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Just got the shot
- Just got the gardisil shot this moning. The pain in injecting was tolerable. Though i can still feel small irritable pain on my arm. Im 32, i guess itsnot too lateto take the shot coz my dr. Told me it will be wort it.
- —Guest V
just got the shot
- im 16 almost 17 and my mom chose to give me the shot yesterday...shortly after i fainted in the dr office. they said that is one of the uncommon side effects but it could be because i did not eat prior to my visit. all i now is i feel slight light headedness and my arm hurts...more than any other shot i got
- —Guest tesspaige
HPV is more common than you think
- I am 25 and have had a few partners, I'm not perfect. But I believe my now husband gave me HPV because before me he was with many women. And I hadn't been with anyone for a long time before him and had many paps and nothing showed up until we got pregnant with our daughter, I went in for my 1st appt and the doctor failed to let me know I had HPV until 6 wks after I had my daughter. The chance of her catching it was there. and they then did a biospy and found that I had mild cervical displasia I was depressed i went back in 7 months later to get another biopsy and that was last week. well there was a spot there the doctor took a biopsy of it and ended up taking the whole thing and sent it off to get tested. it came back that my body fought off the disease!!! there is a 10% chance it can come back. today I got my first dose of the HPV vaccine. no side affects, it stung for about 30 seconds. but that is nothing compared to possibly giving it to your children or dying from cancer.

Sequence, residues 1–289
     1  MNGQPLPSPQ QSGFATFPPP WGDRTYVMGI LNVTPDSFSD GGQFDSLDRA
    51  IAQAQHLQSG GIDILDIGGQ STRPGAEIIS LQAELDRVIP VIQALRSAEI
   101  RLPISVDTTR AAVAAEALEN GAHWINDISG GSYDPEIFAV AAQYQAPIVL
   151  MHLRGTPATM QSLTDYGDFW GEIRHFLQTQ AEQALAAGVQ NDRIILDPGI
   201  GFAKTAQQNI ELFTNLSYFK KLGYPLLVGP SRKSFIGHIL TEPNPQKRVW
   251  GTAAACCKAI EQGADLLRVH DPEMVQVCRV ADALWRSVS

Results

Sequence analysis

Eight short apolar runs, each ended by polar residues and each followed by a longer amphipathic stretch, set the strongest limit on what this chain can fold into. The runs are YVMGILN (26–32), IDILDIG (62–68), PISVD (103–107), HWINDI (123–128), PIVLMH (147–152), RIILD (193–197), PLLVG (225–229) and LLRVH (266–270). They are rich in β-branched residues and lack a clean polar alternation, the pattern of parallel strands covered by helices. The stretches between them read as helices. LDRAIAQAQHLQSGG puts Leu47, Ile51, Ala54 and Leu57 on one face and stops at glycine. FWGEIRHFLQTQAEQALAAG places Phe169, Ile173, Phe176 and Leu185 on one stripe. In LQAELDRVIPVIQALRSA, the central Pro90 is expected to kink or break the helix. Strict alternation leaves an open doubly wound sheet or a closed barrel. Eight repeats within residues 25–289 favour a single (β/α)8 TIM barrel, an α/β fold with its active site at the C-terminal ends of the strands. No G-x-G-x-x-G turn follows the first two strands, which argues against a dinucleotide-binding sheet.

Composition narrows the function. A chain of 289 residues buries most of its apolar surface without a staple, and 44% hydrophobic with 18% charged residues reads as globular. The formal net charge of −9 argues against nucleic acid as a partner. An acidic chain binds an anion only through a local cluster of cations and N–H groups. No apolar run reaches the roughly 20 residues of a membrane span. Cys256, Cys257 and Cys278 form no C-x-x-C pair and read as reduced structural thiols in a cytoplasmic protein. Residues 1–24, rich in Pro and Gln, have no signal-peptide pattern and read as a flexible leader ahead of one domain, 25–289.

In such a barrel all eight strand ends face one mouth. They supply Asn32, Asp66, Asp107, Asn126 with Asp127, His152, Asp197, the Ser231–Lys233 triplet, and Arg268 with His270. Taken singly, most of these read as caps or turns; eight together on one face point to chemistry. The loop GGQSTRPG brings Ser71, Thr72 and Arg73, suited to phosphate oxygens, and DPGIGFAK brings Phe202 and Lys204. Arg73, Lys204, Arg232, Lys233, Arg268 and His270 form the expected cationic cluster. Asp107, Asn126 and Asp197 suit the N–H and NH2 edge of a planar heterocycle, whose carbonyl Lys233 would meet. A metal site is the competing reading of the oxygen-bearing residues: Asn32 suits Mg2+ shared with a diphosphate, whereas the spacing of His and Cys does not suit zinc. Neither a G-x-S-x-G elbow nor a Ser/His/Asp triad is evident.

Rare Cancer.......ha ! ( Not as rare as
- In my early 20's I was told by my gyno that I had hpv, that was back in 1992. She said it was NOTHING to worry about...... Fast forward to 2007, I was diagnosed with VIN carcinoma in situ. OK, MOST of you probably have no idea what that is, At the time I didn't either. I was referred to an Oncologist, who explained I had Vulvar intraepithelial Neoplasm , caused by HPV. There was no Gardisil, or HPV vaccines when I was younger. If there would've been.....I probably would have gotten it. Anyhow, I ended up having surgery to remove both my outer vulva, and within 8 months I was back in for another surgery to remove more lesions!!! In the mean time I found a cancer group via the internet & realized there were MANY women, girls going thru the same things, or various things ( cancers) caused by HPV. So when people tell you It's a RARE Disease....... it's NOT as rare as they'd lead you to believe. Ladies die from it too.
- —Guest Andi
Worth the Pain
- I am 22 years old and just started the series of HPV shots last week. I believe the vaccine is safe, and any amount of pain is worth the protection from cervical cancer. Even though I am not considered high risk, I still believe in taking precautions and protecting myself and my future family. The first shot did sting (about a 5 on a pain scale of 1-10), but that stinging sensation lasted only seconds. Afterwards, the only side effect I felt was soreness in the arm in which the shot was given. This lasted for a little over a week. It's not comfortable, but it's way worth the benefit of the shot!
- —Guest Charlotte
hpv shot hpv
- I got mine like 3 months ago and I had already had hpv down there and it actually helped my body finally fight off the warts. The vaccine burned a lot when they injected but after that I was fine, I didn't have any side affects at all. So I'd say for anyone sexual active to get it! Because when I was 17 my mom told me I didn't need the gardisil it and look what happened to me at age 20 I ended up catching a strain on hpv :( . So I'd definitely recomend the shot.
- —Guest Jane
I'm Pretty scared!
- I have mine in two days time! I am so scared. I looked on the internet for videos of people getting it done but they always flinch from the pain or scream their heads off. Please write some reassuring words!!!
- —Guest SOSOSO
Still have pain one year after!
- I still have almost a phantom pain in my arm where the injection was. Like I'm getting the shot again and it's been more than a year after I got the shot. I got it only once because I heard about scary side effects only after so I never went back. However, I have realized I have this pain and this is the last shot I got - the exact same spot and it was very painful at the time.